(Pictured) Accused murderer Kaitlyn Danielle Taylor being escorted into the courthouse on Tuesday by Benton County Jail Administrator Jerry Wood.
Gruesome testimony led to Judge John Whitworth’s decision to bind the Gene and Celeste McDaniel murder case over to a grand jury after a preliminary probable cause hearing on Tuesday morning. The witnesses’ testimonies were very detailed.
Assistant District Attorney Jennifer Hedge called multiple witnesses to corroborate the state’s decision to charge Kaitlyn Danielle Taylor in the slayings. From the initial Camden Police officer on the scene to Tennessee Bureau of Investigation (TBI) agents, the testimony as to how the couple was found brutally murdered in their home on Vicksburg Avenue the morning of March 23 was compelling.
Out of respect for the family, the details of the murders are too graphic for publication, but it is sufficient to say that this crime was committed with much malice.
Some of the particulars that came out of the testimonies included a bullet found in a dog bowl at the neighbor’s home directly across from the McDaniel’s residence, a gun and knife found near one of the deceased bodies which is being tested as the instruments used during the murders, and a bag found with Taylor the day of the murders, containing a purple shirt with red colored stains.
In other testimony, Jonathan Craven admitted to picking Taylor up on the side of the road near the intersection of Dogwood and Cherokee Avenues around 11:45 p.m. on Saturday, March 21. Craven said he noticed a woman in “short shorts” walking down the street with a couple of bags. He and his friend were driving by in his white 1996 Toyota Pathfinder when they pulled over and asked her if she needed a ride. She allegedly climbed into the back of the vehicle. Craven testified that Taylor ended up staying the night with him at his home, but he noticed her story changed several times and he was concerned about a severe cut she had on her pinky finger, so he asked where he could drop her the following morning. At the time, Taylor reportedly said she had contacted someone to pick her up at the laundry mat behind Pizza Hut. Craven said he found out later that she had in fact contacted Bart Johnson to pick her up.
One of Celeste McDaniel’s co-workers, Christie Maness had one of the day’s most emotional testimonies as she told of her love for the couple. Maness was responsible for calling law enforcement that fateful day in March. After Celeste did not show up for work, Maness said she knew instantly something was wrong and went to the McDaniel home only to find both cars still parked in the garageand the house locked. After not being able to gain entry, Maness called 9-1-1. Maness said that Celeste told her previously, “If anything should ever happen to me, you know where to look first.” Maness testified that Celeste was speaking about her granddaughter, Kaitlyn Taylor. Maness said as recent as the Thursday prior to the murders, Celeste was concerned with Taylor’s possible usage of drugs. Maness also testified that on several occasions, Celeste showed up at work with injuries reportedly caused by Taylor.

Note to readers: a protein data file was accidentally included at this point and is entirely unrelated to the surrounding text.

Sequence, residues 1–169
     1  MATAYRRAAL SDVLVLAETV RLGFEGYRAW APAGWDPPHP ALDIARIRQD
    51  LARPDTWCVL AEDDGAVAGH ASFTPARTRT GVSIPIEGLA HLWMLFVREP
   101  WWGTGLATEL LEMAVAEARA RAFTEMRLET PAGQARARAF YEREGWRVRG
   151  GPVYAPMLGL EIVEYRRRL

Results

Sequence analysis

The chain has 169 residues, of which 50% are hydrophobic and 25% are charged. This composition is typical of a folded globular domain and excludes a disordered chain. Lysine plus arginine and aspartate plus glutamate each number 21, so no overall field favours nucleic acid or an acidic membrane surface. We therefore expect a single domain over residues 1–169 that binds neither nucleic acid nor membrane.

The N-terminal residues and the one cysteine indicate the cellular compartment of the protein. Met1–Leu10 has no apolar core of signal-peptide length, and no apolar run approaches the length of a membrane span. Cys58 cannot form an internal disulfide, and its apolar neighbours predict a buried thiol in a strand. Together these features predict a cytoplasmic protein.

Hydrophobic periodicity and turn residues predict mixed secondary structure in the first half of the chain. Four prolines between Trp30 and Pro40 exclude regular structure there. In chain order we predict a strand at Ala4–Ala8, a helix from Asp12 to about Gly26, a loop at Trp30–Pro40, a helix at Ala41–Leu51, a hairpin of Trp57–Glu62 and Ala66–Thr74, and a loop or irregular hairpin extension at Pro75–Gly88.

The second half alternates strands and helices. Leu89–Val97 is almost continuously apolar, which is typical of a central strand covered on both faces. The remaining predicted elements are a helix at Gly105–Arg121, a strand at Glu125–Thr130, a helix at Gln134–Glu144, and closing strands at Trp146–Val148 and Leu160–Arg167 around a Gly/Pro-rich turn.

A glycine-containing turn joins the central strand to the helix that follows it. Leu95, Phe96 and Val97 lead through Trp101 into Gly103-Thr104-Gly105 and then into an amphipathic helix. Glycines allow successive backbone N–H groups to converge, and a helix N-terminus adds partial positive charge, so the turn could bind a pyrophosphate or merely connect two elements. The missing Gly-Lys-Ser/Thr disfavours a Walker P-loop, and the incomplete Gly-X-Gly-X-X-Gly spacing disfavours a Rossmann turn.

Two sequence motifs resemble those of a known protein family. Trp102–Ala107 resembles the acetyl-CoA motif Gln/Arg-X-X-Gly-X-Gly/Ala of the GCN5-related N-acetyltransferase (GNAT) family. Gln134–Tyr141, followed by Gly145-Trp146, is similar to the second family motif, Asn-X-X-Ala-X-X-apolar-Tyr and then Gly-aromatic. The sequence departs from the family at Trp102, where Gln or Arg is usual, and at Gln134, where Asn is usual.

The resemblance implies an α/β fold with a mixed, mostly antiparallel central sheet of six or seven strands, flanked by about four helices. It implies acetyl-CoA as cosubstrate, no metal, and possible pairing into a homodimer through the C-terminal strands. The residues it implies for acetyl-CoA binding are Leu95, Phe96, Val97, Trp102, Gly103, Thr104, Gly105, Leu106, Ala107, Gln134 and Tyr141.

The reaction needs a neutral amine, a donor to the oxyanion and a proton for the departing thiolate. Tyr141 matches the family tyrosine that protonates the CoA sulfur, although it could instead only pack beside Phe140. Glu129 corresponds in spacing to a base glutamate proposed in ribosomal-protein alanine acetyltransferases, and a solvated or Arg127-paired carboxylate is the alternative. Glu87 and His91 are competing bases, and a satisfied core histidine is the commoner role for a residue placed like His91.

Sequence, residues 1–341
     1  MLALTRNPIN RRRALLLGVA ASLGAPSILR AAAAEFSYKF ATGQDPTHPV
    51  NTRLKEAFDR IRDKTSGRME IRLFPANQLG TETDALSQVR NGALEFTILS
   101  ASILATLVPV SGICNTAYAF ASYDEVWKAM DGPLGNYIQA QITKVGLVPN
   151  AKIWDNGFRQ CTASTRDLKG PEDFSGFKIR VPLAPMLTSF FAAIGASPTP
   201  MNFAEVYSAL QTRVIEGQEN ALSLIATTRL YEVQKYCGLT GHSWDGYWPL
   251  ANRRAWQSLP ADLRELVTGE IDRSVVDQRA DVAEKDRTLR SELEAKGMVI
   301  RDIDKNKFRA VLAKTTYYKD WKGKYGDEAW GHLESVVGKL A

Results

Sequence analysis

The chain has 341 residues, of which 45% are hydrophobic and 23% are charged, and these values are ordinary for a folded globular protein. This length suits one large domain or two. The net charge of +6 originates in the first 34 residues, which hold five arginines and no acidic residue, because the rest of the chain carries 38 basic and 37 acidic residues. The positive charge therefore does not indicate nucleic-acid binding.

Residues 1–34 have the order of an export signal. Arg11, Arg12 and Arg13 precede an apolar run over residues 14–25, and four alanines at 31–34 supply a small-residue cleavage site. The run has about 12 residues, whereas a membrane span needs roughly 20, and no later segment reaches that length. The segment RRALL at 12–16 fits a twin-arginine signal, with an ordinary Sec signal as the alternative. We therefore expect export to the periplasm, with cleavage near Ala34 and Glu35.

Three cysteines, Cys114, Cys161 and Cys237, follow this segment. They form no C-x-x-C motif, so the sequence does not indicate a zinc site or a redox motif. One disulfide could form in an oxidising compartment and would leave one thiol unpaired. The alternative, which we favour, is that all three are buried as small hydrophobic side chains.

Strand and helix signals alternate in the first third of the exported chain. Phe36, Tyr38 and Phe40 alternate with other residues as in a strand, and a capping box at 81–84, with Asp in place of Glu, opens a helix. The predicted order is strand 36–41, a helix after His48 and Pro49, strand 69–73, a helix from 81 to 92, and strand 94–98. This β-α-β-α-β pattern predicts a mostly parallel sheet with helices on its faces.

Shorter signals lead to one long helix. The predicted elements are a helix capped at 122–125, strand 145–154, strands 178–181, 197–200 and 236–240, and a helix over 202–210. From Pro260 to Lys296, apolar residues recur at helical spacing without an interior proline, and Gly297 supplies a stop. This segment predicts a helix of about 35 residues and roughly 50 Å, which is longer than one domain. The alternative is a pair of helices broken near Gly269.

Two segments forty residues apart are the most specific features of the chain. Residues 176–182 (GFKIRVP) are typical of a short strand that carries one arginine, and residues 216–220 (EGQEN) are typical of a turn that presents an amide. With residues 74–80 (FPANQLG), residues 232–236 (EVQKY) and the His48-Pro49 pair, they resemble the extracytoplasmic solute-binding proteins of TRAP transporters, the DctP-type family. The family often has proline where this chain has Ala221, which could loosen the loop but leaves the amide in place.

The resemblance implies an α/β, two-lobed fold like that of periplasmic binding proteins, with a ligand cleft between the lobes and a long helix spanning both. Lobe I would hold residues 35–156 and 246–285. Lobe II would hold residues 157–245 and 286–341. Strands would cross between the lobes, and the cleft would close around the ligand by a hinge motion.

After hearing final testimony by TBI Special Agent Joseph Hudgins, Jr. as to questioning Taylor after the discovery of the murders, Assistant Public Defender Paul Hessing asked specific questions about evidence taken from the scene. Some of those items included a towel, quilt and t-shirt all stained with what appeared to be blood. Hudgins said all items are still being tested and results are not in yet.
After the completion of the morning’s witnesses, Judge Whitworth said, “This is a probable cause hearing and there is enough circumstantial evidence with both Mr. and Mrs. McDaniel deceased at the scene. Ms. Taylor admits that she was in the home according to the timeline and she had some kind of confrontation and she received treatment for it the next day.” He continued, “She made false statements when she again mentioned the confrontation. I think there is enough evidence to bind the case over to the grand jury for second degree murder.”
Immediately, Hessing asked for Taylor’s $500,000 bond to be reduced under the second-degree charge. His request was denied.
Due to COVID–19 Supreme Court mandates, the hearing was a closed session, allowing only select media with prior written approval inside. After the hearing, Hedge stated that while the Benton County Grand Jury would normally meet on June 15, due to court delays associated with COVID–19, the earliest potential date for the next grand jury to be convened could occur in July, but no definite date has been announced at this time.
See full coverage in this edition of The Camden Chronicle.